The Hobbit: The Desolation of Smaug

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Re: The Hobbit: The Desolation of Smaug

Postby Sister Jennifer » Sat Jun 15, 2013 6:04 am

=Tamar wrote:
Sister Jennifer wrote:Also, the glimpse of Smaug at the end of the 1st movie, it doesn't look like he has the red eyes. One of my everlasting impressions of Smaug is his red eyes being quite menacing & unsettling.

In the teaser that was linked, his eyes were orangey red and glowing in the dark.


I didn't see past the end credit before :think: . I like his grin but does he look a bit like the dinosaurs from King Kong?

Was thinking the eyes more like this, but fair do's.

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Re: The Hobbit: The Desolation of Smaug

Postby Jan Van Quirm » Sat Jun 15, 2013 12:36 pm

Tonyblack wrote:Yeah, but it's not like he invented dragons. :P

Definitely not! :lol: Tolkien's dragons are all sourced from Norse myth and they don't all breathe fire or fly necessarily. The one that did most magic (in the Silmarrillion) was Glaurung, a wingless, fire breather who specialised in wiping memories and started a tragic incestuous Arthurian storyline for one of the great heroes Turin Turambar (Mordred's supposed to be Arthur's son by half-sister Morgana in one legend).

Tolkien 'borrowed' all over the shop for Middle Earth, with Atlantean myth featuring as well with his devastating tsunami running from a recurring dream he used to have and used twice in the Sil to destroy part of Middle Earth and the island kingdom of Westernesse (Lyonnesse anyone? :roll: ) that Aragorn's ancestors came from.
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Re: The Hobbit: The Desolation of Smaug

Postby Tonyblack » Sat Jun 15, 2013 12:44 pm

And dragons, specifically red and white dragons are part of Welsh mythology including the story of Merlin. It's why there is a red dragon on the Welsh flag.
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Re: The Hobbit: The Desolation of Smaug

Postby Jan Van Quirm » Sat Jun 15, 2013 2:16 pm

:lol: Yeah - Tolkien also loved the Welsh language. He heavily based one of his Elvish languages, Sindarin, the clan Thranduil and Legolas were leaders of, on the Brythonic branch :P

Nothing's new, but to be fair Tolkien deliberately set out to make Middle Earth a wholly British manufactured mythology, and so it was only logical to use mainly pre-Roman cultural sources (so the Celts) and some post-occupation incoming elements like the Saxons and Viking, particularly for deities like Wodens and Odin, as there's also strong parallels there with Odin's ordeal on Yggdrasil (shades of Gandalf's 'remaking' after the fight with the Balrog) and the Saxon and Gothic languages in which Tolkien was a world authority as a Professor of Philology. He based the language of Rohan and Mordor respectively on those two 'dead' languages :lol:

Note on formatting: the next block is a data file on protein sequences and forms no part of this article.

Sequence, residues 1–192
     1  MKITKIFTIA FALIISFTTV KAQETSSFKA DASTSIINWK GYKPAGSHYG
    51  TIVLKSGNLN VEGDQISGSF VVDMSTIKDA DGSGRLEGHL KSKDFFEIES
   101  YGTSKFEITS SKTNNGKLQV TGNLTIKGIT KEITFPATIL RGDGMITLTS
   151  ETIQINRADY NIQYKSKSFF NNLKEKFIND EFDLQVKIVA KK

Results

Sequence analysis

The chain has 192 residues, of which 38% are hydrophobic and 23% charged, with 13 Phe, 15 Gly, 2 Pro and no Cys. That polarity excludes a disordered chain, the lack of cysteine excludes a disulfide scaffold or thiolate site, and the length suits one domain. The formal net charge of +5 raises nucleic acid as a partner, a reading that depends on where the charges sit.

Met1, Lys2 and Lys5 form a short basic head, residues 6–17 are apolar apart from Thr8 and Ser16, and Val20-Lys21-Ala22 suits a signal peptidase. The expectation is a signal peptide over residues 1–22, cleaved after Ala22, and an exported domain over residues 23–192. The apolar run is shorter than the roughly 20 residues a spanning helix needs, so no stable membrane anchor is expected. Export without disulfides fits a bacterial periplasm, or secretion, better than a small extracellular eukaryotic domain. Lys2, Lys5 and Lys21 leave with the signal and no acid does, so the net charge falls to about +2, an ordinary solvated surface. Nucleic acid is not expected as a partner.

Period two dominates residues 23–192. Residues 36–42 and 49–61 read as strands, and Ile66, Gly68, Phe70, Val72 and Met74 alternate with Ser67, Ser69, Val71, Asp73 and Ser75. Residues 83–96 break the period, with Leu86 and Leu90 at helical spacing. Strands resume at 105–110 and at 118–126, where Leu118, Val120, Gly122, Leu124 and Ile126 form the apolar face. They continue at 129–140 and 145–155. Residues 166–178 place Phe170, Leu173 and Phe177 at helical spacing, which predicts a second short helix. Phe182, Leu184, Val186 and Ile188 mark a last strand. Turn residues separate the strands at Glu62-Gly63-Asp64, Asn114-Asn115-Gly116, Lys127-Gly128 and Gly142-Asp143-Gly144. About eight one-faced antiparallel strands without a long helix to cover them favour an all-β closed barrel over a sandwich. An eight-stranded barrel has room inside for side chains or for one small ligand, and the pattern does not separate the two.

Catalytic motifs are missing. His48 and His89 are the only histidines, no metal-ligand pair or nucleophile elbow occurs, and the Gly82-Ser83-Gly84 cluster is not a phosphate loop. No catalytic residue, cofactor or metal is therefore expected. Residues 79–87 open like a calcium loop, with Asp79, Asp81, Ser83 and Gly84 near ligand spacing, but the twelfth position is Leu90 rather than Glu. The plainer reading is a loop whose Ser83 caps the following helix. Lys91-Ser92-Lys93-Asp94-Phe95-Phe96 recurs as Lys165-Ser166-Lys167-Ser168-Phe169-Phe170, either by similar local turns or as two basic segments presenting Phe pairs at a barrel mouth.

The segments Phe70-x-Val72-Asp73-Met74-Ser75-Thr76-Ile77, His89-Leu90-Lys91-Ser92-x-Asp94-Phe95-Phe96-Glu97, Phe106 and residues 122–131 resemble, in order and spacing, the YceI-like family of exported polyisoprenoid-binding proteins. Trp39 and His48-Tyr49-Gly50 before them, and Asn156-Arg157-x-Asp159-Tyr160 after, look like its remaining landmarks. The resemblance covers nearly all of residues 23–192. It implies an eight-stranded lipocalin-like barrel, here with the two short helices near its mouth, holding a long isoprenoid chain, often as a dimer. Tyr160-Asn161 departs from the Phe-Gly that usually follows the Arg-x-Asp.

Actually that methodology isn't a million miles away from how Terry does some of his 'god construction', though of course Tolkien being a committed Catholic had to be a bit more Holy Joe with the good/evil dichotomies :twisted:
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Re: The Hobbit: The Desolation of Smaug

Postby Conforumist » Tue Jul 30, 2013 12:17 am

So, are there only 2 movies? I thought it was changed to 3? The 1st one was really f'd up. I don't have big hopes for the next one: And I hope it's the last. I'm angry because I'm a big fan. There was not need for all the stupidity in the 1st one.
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Re: The Hobbit: The Desolation of Smaug

Postby michelanCello » Tue Jul 30, 2013 7:10 am

There will be three movies (Unexpected Journey, Desolation of Smaug, There and Back Again) :) I loved the first one and hope the 2nd will be as good, if not better... can't wait, can't wait :D
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Re: The Hobbit: The Desolation of Smaug

Postby Leewerrey » Thu Aug 08, 2013 8:35 am